• Other things like berries, melon, etc? Weigh them once and look them up.
  • Unsure, or hate the idea of ‘medium’? Weigh it once, look it up.

Pro tip: Avoid smoothies and fruit juice when dieting. – All the sugar, none of the fiber. Easy to ‘eat’ but not very filling.

Vegetables
  • Count the carbs in starchy vegetables as they are more energy dense. Examples: carrots, peas, corn, potatoes, parsnips. (When looking these up you’ll see that the energy content is relatively high for a vegetable, and fiber content per gram of carbs is low.)
  • Don’t bother counting the carbs in any leafy, green vegetables.
  • Consider ignoring the rest. – Look it up, make a decision, stick to that decision.

Pro tip: A can of diced or chopped tomatoes is a great idea, but if the math doesn’t add up on the ingredient label to what it should normally, that’s probably because that particular manufacturer added sugar. You’ll want to count the carb content of this in that case.

Carbs in other things that add up quickly and are easily missed:

  • Drinks (milk, juice, soft-drinks)
  • Dairy
  • Protein powder
  • Sauces
  • Salad dressings

Check the packaging, or look it up and count it against your daily target.

Pro tip:Net Carbs” If you come across this, ignore it. You’ll likely find it on protein bars or other healthy snacks if you’re into those things. Count the fiber and sugar alcohols in them against your carb target for the day – they still have energy (though not as much energy admittedly), but you can’t just gorge yourself on these things. Exactly how much energy depends on the fiber type or the sugar alcohol type and is probably a road you don’t want to go down.

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How to Count Protein

1g Protein ~=4kCal

  • Uncooked beef/ chicken/ pork/ lamb/ fish 100g = ~20-25g of protein.
  • One large egg = ~8g protein 5g fat.
  • Egg whites = ~4g protein.

The fat content in meat can quickly add up so be careful that your choices of cut don’t add up past your fat macro budget for the day. Here are the leanest protein sources:

  • Chicken breast (skinless),
  • some red meat,
  • white fish,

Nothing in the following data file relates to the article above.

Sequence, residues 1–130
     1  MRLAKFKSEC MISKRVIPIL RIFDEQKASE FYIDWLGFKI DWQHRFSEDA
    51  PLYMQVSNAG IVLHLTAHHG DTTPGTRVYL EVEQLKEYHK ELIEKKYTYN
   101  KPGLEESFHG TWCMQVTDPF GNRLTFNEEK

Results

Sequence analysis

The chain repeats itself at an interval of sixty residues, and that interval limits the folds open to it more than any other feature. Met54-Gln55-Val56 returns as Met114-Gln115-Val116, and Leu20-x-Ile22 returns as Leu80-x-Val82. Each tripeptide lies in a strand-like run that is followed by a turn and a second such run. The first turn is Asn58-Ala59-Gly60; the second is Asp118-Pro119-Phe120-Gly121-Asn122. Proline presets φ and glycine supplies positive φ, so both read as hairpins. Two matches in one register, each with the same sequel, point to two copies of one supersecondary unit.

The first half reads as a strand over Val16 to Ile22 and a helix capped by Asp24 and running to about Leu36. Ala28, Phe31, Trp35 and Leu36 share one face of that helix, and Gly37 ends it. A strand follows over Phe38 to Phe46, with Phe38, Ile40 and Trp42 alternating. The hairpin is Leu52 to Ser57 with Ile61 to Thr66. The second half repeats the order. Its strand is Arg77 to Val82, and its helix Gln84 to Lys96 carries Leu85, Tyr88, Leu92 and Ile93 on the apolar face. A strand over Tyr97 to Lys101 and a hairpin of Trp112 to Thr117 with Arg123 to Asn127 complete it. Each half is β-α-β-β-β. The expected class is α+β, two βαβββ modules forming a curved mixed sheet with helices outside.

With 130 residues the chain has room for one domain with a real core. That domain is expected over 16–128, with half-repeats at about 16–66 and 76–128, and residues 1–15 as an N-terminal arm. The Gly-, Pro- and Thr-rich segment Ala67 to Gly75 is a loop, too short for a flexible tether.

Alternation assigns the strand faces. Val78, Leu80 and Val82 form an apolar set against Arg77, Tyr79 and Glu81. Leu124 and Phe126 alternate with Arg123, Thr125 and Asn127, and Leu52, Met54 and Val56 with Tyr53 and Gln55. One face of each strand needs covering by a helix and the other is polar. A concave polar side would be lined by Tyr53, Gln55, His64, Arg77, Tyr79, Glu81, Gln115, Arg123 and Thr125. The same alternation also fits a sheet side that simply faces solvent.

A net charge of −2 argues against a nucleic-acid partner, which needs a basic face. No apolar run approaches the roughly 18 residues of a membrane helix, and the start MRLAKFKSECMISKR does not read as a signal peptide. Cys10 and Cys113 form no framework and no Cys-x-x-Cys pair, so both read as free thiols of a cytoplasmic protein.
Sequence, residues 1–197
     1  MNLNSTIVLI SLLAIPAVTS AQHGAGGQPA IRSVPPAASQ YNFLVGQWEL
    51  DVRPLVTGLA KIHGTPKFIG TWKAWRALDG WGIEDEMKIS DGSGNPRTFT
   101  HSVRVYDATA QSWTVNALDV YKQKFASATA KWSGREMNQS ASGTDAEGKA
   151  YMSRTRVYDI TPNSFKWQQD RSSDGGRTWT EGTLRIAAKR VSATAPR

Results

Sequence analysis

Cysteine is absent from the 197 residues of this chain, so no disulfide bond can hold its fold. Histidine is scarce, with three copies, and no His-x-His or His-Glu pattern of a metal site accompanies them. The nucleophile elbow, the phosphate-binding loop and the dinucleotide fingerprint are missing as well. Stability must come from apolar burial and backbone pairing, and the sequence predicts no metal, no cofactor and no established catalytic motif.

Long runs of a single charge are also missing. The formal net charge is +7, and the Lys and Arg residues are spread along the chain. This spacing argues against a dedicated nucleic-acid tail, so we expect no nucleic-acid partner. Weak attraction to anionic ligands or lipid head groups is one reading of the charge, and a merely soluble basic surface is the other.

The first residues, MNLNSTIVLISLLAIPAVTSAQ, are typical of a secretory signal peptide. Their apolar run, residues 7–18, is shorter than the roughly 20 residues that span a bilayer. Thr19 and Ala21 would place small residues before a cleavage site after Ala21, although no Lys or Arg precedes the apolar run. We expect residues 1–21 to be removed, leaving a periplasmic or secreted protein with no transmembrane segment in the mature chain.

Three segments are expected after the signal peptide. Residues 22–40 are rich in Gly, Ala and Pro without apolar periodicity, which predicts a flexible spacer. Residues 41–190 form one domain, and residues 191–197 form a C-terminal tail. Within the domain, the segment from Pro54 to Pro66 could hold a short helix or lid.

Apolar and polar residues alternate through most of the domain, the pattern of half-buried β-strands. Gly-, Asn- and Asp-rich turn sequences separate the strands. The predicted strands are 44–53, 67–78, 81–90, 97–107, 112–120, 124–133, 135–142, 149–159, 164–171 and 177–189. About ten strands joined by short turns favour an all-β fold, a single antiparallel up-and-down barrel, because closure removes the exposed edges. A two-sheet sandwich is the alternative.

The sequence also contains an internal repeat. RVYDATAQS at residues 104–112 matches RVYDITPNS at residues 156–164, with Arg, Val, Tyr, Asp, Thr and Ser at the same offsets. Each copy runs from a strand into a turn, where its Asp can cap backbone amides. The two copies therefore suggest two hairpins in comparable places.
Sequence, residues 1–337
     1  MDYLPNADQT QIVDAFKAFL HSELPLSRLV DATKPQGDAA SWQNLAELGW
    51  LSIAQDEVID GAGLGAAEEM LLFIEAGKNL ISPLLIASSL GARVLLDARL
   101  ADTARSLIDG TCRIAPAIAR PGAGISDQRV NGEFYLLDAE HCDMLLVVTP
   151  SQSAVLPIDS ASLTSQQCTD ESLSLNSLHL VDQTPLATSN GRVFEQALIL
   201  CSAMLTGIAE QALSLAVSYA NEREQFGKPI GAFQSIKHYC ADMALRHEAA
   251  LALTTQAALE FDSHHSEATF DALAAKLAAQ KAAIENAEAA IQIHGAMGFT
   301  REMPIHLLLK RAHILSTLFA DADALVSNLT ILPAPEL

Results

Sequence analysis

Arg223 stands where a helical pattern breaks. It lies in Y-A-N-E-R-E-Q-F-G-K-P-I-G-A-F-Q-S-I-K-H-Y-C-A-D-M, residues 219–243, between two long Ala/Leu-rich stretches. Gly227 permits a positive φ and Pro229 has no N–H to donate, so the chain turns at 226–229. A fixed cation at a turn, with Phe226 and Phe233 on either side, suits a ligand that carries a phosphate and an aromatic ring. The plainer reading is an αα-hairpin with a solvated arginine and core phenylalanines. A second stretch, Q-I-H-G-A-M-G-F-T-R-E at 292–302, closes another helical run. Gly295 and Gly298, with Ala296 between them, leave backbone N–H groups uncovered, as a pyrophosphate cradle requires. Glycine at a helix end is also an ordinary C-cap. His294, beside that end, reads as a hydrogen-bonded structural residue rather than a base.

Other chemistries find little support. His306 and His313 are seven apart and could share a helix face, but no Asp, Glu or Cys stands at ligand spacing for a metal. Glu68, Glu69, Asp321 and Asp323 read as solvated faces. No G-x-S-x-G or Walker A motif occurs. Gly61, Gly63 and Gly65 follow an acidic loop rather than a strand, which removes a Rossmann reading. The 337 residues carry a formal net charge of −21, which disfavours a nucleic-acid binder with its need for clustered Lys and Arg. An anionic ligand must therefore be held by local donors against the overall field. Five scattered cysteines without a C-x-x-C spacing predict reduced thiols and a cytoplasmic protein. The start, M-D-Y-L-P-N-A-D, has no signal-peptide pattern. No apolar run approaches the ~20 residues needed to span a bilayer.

• some cuts of tuna,
  • protein shakes,
  • Skimmed milk & other, low-fat dairy.

To say that I am not a fan of supplement companies would be an understatement. However, I do concede that in most countries in the world, the cheapest way to hit your protein requirements is protein powder, so if you’re on a budget then consider this.

Pro tip: The trade-off to drinking our food is that it is less satisfying, more easily digested, and we get hungry quicker than if it were eating regular food. Casein protein is the most filling type of protein powder due to the slow rate of absorption. For those bulking, liquid food like this or fruit juices can be your friend.

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How to Count Fat

1g Fat ~=9kCal

In contrast to vegetables, fat is highly energy dense. Generally 1g of weight = 1g fat = 9kCal. As the energy content can add up quickly I’d suggest that you consider counting the fat in everything.

How many grams of fat are in that cut of steak? How about after it’s grilled and some fat has dripped off of it, should I weigh the fat and deduct from the total?

Here’s the most sensible strategy – look it up in a nutritional calculator, make your best, educated guess at the fat content, and then forget about it. You’re likely to eat the same cuts of meat again and again so it won’t matter because you’ll be following the ‘consistency rule’.

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How to Count Alcohol

1g Alcohol ~=7kCal

It is difficult to make simplifications for alcohol, especially beer, as each drink will vary. Here is a rough idea:

  • Beer @5%: ~150kCal, ~12g carbs, ~14g alcohol (per 12floz/350ml can/bottle)
  • White wine @10%: ~200kCal, ~7g carbs, ~25g alcohol (250g glass, 1/3 bottle)